Parthenon der Bücher at the 2017 Documenta 14 in Kassel
Photo: Paul Broeker via Wikimedia Commons
The four remaining members of a finding committee responsible for choosing the art director of the next Documenta have resigned en masse. Their decision comes after the departure of Ranjit Hoskoté, a writer who came under fire from the German media and government for signing a statement that was viewed as antisemitic.
The four panel members—Simon Njami, Gong Yan, Kathrin Rhomberg and María Inés Rodríguez—wrote in a letter to the Documenta management that they felt “grave concern for the future of Documenta.”
“If art is to take account of the complex cultural, political, and social realities of our present day, it needs appropriate conditions that allow for its diverse perspectives, perceptions and discourses,” they wrote. “The dynamics of the last few days, with their unchallenged media and public discrediting of our colleague Ranjit Hoskoté, which forced him to resign from the finding committee, make us very doubtful if this prerequisite for any coming edition of Documenta is currently given in Germany,” the letter said.
It added that Germany’s “awareness of special responsibilities” with regard to fighting antisemitism “runs the risk of being misused for opinion politics in order to suppress undesirable approaches and their broad and open discussion right from the start.”
During the last Documenta, which took place in 2022 and was curated by the Indonesian artists’ collective ruangrupa, the organisers had to remove several works containing antisemitic images. The director general of the show was forced to resign and a member of ruangrupa was asked to explain how events took this course in the German parliament.
The exhibition ended with an open letter from the curators and artists involved saying “we are angry, we are sad, we are tired” of what they described as “the chaos, hostility, racism and censorship that have engulfed this edition of Documenta.”
Hoskoté resigned earlier this week amid revelations that he signed a 2019 statement by BDS, the Boycott, Divestment, and Sanctions movement, which aims to mobilise international support for Palestinian causes and put political pressure on Israel. In an interview with the Süddeutsche Zeitung, German Culture Minister Claudia Roth described the statement Hoskoté signed as “clearly anti-Semitic and loaded with Israel-hostile conspiracy theories.”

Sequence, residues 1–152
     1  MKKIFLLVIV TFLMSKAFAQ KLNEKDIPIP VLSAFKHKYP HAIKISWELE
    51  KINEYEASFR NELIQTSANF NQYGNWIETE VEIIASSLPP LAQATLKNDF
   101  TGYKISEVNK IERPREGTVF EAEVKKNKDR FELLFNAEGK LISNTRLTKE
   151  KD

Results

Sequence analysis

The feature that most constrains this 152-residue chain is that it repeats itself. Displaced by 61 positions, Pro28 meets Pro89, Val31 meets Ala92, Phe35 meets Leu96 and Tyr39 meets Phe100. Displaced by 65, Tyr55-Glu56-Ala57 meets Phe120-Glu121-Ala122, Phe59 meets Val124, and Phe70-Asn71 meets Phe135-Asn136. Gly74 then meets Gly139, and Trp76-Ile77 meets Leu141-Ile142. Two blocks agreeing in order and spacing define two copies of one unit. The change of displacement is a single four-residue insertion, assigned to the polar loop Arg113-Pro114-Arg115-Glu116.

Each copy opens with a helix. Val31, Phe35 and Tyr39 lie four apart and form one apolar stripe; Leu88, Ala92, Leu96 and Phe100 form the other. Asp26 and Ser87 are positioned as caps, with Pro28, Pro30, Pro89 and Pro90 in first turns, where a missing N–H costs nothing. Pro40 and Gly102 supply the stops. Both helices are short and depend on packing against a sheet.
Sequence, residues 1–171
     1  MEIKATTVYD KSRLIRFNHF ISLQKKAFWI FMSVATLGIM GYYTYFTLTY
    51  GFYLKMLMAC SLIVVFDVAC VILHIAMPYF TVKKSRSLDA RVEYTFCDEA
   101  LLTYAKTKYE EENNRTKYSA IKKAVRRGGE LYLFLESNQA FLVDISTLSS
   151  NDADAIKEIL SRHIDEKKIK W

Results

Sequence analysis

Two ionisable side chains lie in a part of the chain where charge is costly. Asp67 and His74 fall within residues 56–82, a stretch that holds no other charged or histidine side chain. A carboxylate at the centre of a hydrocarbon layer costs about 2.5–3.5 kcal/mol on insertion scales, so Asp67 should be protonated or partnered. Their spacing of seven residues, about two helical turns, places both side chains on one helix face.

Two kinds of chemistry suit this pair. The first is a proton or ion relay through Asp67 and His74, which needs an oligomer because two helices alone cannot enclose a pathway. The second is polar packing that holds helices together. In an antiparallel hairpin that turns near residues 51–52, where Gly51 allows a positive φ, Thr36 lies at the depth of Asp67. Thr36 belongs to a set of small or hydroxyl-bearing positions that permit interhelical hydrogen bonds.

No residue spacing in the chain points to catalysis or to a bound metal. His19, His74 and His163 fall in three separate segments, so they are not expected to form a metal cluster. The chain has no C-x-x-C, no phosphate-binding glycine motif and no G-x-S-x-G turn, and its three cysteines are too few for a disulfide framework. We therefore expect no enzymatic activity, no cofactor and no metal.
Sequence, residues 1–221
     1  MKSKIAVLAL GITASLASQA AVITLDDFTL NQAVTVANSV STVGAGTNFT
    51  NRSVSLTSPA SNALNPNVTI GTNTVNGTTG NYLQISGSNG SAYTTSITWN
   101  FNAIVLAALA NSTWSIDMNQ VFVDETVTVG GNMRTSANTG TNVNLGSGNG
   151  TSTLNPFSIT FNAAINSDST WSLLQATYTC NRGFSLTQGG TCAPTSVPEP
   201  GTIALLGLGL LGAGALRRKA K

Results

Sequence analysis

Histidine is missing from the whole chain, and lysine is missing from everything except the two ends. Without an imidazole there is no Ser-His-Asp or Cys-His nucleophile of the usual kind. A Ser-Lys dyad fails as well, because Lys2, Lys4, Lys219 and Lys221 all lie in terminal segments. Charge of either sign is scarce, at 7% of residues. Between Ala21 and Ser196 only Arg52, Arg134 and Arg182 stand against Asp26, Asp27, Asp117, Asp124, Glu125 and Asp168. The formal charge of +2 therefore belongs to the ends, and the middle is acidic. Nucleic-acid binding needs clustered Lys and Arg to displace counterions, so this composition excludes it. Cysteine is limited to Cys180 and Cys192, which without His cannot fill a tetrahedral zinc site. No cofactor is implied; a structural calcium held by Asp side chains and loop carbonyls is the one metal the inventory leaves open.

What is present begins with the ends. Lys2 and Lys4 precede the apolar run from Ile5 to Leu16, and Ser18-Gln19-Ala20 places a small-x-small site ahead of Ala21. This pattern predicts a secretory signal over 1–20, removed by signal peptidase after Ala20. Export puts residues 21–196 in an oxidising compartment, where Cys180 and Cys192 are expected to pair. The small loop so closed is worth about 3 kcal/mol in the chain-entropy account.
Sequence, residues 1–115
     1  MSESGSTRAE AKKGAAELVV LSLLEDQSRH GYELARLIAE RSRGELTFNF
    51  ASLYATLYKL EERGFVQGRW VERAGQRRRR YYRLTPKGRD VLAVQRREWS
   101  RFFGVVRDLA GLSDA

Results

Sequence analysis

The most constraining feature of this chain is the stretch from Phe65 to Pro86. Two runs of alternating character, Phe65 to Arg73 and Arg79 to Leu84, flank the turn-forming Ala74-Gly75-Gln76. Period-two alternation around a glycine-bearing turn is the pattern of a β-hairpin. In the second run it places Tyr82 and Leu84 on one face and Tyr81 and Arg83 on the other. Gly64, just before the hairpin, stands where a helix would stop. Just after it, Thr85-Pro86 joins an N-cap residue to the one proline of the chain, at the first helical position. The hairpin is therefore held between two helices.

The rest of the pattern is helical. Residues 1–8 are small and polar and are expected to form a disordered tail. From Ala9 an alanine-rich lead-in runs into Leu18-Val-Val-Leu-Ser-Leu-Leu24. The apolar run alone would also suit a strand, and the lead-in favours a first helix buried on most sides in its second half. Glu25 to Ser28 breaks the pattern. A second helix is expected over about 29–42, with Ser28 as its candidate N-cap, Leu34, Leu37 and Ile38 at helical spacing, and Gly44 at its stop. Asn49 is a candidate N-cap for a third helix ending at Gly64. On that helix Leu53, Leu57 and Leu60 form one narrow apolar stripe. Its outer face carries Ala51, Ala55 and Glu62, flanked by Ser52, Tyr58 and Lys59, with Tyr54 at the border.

In a letter to the Documenta management, Hoskoté said he felt judged in a “kangaroo court” and the accusations of antisemitism against him were “monstrous.” He said he felt pressurised “to accept a sweeping and untenable definition of antisemitism that doesn’t differentiate between the Jewish people and the Israeli state, that conflates the Jewish people with the Israeli state; and that, correspondingly, misrepresents any expression of sympathy with the Palestinian people as support for Hamas.”
The 2019 “Statement against consulate general of Israel, Mumbai’s event on Hindutva and Zionism” that Hoskoté signed described Zionism as a “racist ideology calling for a settler-colonial, apartheid state where non-Jews have unequal rights.” Hoskoté, who is Indian, said his signature was a protest at the attempt to equate Zionism with Hindutva, or Hindu nationalism.
The German parliament in 2019 passed a resolution describing BDS as “antisemitic.” In the Süddeutsche Zeitung interview, Roth threatened to withhold funding from Documenta unless “there is a common plan and visible reforms that result in clear responsibilities, a real possibility for the federal government to contribute and standards to prevent antisemitism and discrimination.”
Shortly before Hoskoté resigned, Bracha Lichtenberg Ettinger, an Israeli artist and philosopher, also stepped down from the six-member panel, saying she could felt she could not contribute in the light of Hamas’s attack on Israel and the Israeli response. Lichtenberg Ettinger said her decision was not related to Hoskoté’s departure, according to Documenta.
The organisers of Documenta 16, which is scheduled for 2027, have promised to address the antisemitism of the previous edition, including making organisational changes to prevent it happening again.
“The events of summer 2022 cannot be repeated,” Hoffmann said in the statement about Hoskoté’s departure.
The finding committee’s resignation casts doubts on the schedule for the next edition of Documenta. The new artistic direction for the next Documenta was scheduled to be announced at the end of this year or in early 2024.
Documenta said it “respects the decision” of the finding committee and will “propose to the supervisory board that the selection process should start from scratch.” It said it will also propose that decisions about the reorganisation should be completed before the process begins again.